[Image Description: A close-up headshot of the actress Deborah Ann Woll, in character as Karen Page from the Netflix show Daredevil. Only her face and hair are spoken and she is scowling slightly at the camera.]
Ever since Marvel’s Daredevil hit Netflix, there’s been endless debate about Karen Page (Deborah Ann Woll). It seems that fans of the series either love her or hate her, with very little room for nuance in the debate over her role in the show.
In the comics, Karen Page is one of Matt Murdock’s Great Loves. She has no agency aside from being his love interest, and she’s one of few characters in the Marvel Universe who has died and stayed dead. (Fridging women for the furthering of men’s storylines is a common trope, but that’s another essay for another time.)
[bctt tweet=”It seems that fans of the series either love her or hate her.” username=”wearethetempest”]
In the Netflix series, Karen Page is falsely accused of murder, then hired as a pro bono secretary at Nelson and Murdock law firm. Later she becomes a journalist at the New York Bulletin, where she strives to ask difficult questions and report stories that would otherwise go untold.
Karen’s journey from secretary to journalist is marred with conflict. In general, it seems that the writers on Daredevil don’t quite know what to do with her. They attempt to shoehorn her into the role of Matt’s True Love, but the storytelling flops despite Deborah Ann Woll’s chemistry with Charlie Cox. And as Woll continues to demonstrate just how well she knows her character both onscreen and off, it becomes increasingly apparent that Karen With Agency is a woman to be reckoned with, regardless of how the writers mold the script.
Of course, there are other issues with Karen’s arc in Daredevil.
Several people have called out the fact that Ben Urich — the black journalist who was murdered for his involvement with Karen — should never have died. That he was killed unnecessarily for a blonde, white woman to be heralded as the best reporter on the show. And that’s not wrong. Karen essentially takes Ben’s spot at the Bulletin after his death.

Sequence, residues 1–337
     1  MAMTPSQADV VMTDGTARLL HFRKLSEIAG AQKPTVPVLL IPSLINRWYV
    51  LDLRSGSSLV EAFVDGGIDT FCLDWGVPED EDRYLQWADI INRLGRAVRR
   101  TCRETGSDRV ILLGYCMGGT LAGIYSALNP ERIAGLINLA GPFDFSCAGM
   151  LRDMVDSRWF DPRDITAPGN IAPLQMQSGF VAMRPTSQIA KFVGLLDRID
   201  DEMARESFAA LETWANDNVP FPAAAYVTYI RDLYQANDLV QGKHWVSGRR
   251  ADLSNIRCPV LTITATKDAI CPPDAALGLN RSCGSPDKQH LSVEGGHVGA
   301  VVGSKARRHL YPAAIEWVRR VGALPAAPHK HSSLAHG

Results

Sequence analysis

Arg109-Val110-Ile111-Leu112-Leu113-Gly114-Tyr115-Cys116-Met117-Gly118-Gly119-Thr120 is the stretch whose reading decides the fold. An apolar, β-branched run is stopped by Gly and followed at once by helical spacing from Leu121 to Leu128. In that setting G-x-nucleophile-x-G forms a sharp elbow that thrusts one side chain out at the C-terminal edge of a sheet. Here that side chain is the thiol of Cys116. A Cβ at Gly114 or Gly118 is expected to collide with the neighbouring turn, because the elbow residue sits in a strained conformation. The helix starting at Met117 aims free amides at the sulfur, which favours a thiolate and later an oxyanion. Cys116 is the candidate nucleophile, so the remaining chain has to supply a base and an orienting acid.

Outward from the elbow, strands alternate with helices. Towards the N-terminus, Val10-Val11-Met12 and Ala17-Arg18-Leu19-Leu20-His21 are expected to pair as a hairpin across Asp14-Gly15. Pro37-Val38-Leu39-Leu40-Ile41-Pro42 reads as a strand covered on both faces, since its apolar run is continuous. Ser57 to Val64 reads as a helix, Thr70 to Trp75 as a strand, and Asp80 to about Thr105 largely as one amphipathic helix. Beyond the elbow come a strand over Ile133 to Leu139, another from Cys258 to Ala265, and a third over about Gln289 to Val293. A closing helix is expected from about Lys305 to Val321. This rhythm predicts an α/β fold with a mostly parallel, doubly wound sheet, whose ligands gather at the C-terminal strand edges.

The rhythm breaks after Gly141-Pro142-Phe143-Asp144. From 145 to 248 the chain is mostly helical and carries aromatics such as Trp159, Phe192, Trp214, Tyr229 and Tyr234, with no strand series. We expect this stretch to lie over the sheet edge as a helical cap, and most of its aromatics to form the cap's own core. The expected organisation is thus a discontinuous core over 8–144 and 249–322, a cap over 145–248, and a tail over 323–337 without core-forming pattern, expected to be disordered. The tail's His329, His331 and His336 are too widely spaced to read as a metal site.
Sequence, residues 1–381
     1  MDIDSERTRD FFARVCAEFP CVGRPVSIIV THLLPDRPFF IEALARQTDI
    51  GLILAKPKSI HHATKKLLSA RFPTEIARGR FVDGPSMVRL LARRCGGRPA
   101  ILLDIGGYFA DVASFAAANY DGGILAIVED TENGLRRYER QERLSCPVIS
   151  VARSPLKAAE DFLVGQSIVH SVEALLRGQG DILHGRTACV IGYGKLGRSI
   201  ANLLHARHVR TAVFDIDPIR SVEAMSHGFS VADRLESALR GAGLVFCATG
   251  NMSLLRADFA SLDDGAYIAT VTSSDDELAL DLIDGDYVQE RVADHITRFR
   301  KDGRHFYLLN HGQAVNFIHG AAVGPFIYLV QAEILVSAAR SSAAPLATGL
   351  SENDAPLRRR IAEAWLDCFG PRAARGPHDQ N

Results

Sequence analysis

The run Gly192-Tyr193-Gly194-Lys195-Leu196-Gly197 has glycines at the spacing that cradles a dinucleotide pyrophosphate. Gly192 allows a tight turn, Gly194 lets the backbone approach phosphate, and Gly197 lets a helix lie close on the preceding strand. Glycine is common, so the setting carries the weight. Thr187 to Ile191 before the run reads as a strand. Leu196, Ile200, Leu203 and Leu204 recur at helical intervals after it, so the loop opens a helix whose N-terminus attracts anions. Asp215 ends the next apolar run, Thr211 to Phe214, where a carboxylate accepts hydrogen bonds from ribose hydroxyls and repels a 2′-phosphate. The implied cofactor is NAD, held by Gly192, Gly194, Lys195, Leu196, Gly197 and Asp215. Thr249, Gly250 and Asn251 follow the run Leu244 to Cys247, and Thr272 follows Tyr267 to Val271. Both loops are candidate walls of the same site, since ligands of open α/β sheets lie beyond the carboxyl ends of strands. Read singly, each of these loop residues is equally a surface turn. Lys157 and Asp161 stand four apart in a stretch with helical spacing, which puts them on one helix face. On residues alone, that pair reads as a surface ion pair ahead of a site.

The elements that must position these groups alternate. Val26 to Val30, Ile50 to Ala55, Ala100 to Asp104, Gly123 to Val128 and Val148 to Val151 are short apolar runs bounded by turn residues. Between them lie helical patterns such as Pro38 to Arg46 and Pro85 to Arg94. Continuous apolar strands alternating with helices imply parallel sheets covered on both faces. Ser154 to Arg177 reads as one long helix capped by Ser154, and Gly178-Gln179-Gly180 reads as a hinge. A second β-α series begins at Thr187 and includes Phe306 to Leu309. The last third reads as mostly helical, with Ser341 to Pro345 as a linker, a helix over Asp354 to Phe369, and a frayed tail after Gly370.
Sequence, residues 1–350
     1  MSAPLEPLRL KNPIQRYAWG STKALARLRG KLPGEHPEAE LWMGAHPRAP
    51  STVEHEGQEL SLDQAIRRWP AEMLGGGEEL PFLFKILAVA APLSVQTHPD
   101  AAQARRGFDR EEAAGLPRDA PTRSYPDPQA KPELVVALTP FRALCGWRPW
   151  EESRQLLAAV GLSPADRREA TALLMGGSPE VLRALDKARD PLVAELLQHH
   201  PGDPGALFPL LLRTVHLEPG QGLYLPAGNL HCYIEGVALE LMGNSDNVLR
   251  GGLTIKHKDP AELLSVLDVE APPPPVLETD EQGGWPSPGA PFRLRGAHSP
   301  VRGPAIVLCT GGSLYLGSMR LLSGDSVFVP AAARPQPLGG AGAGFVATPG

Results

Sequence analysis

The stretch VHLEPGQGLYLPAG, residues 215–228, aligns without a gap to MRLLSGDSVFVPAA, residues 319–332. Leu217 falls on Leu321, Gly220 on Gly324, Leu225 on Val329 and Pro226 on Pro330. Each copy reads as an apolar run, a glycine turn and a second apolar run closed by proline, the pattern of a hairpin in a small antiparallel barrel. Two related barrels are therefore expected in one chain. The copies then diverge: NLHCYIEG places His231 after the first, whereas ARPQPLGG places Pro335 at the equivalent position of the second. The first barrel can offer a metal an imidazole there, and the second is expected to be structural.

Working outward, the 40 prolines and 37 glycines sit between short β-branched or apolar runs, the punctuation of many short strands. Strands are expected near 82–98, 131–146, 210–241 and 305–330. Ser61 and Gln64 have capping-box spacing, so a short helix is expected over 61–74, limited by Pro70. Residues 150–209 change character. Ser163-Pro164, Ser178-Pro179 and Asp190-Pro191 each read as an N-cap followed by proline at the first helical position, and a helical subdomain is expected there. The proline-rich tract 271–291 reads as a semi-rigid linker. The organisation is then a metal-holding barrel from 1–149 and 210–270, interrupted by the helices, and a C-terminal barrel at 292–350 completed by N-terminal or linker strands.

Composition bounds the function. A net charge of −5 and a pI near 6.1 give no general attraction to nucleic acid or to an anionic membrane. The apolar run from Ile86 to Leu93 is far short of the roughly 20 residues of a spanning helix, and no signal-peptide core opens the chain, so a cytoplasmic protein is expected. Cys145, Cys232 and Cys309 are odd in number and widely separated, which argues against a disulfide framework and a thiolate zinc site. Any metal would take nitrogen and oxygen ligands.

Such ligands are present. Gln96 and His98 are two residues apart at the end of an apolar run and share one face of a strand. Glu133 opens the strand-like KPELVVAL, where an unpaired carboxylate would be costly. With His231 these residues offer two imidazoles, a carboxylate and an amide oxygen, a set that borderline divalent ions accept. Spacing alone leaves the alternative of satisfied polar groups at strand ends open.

[bctt tweet=”Karen With Agency is a woman to be reckoned with, regardless of how the writers mold the script.” username=”wearethetempest”]
Murdering black men to uplift white women is never going to be okay. There’s no arguing with that.
However, as her character has grown, she’s become one of my favorites in the Netflix MCU. Karen Page has an unquenchable thirst for uncovering the truth that pulled me back into journalism in a big way. She’s dogged, committed, and willing to dig into her most monstrous qualities as she pursues a story. She refuses to take no for an answer and stands up for herself, day in and day out, even as she’s repeatedly pushed down, told “no”, or put in very dangerous situations.
Tom Stoppard once said, “I still believe that if your aim is to change the world, journalism is a more immediate short-term weapon.” In a similar vein, Horace Greeley said, “Journalism will kill you, but it will keep you alive while you’re at it.”
Karen Page embodies both of these quotes so fully that it makes me want to scream. Knowing the power of journalism allows Karen to wield her skills like a weapon, and watching her do it — especially in The Punisher — fills me with a desire to write that’s so fierce, my bones ache.
[bctt tweet=”Karen’s intense commitment to reporting sparked the part of me that never gave up the dream of writing.” username=”wearethetempest”]
I chose to pursue a degree in journalism because of early exposure to Rory Gilmore. After college, with the job market in shambles, I ended up working in retail and foodservice to keep myself afloat and pay the bills.
Over the last year, I’ve made concentrated efforts to get back into writing and reporting. I started with fandom — writing about Gilmore Girls, in fact, for the Netflix reunion series. Simultaneously, I got really into watching Daredevil, and Karen’s intense commitment to reporting sparked the part of me that never gave up the dream of writing full-time and making a living from my work.
I’ve never been a person who reports hard news. I follow politics closely, pay attention to international news from as many reputable outlets as I can find, and ingest news on a 24-hour basis. But I’ve never been the type of journalist who wants to grill congressmen or write about crime.
Karen Page has driven me to — well, maybe not want to do those things — but to feel like I can. Given how tough the market is for journalists (getting paid is apparently a thing of the past, even if you write for long-standing publications like L.A. Weekly), it can be tough even to look at inspiring journalists and writers that I follow and think, I can do that, too! But fictional characters have always had a big impact on me… which may or may not be good.
Say what you will about Karen Page, but her dogged dedication to getting a story right is so well done that I’ll go to bat for her forever.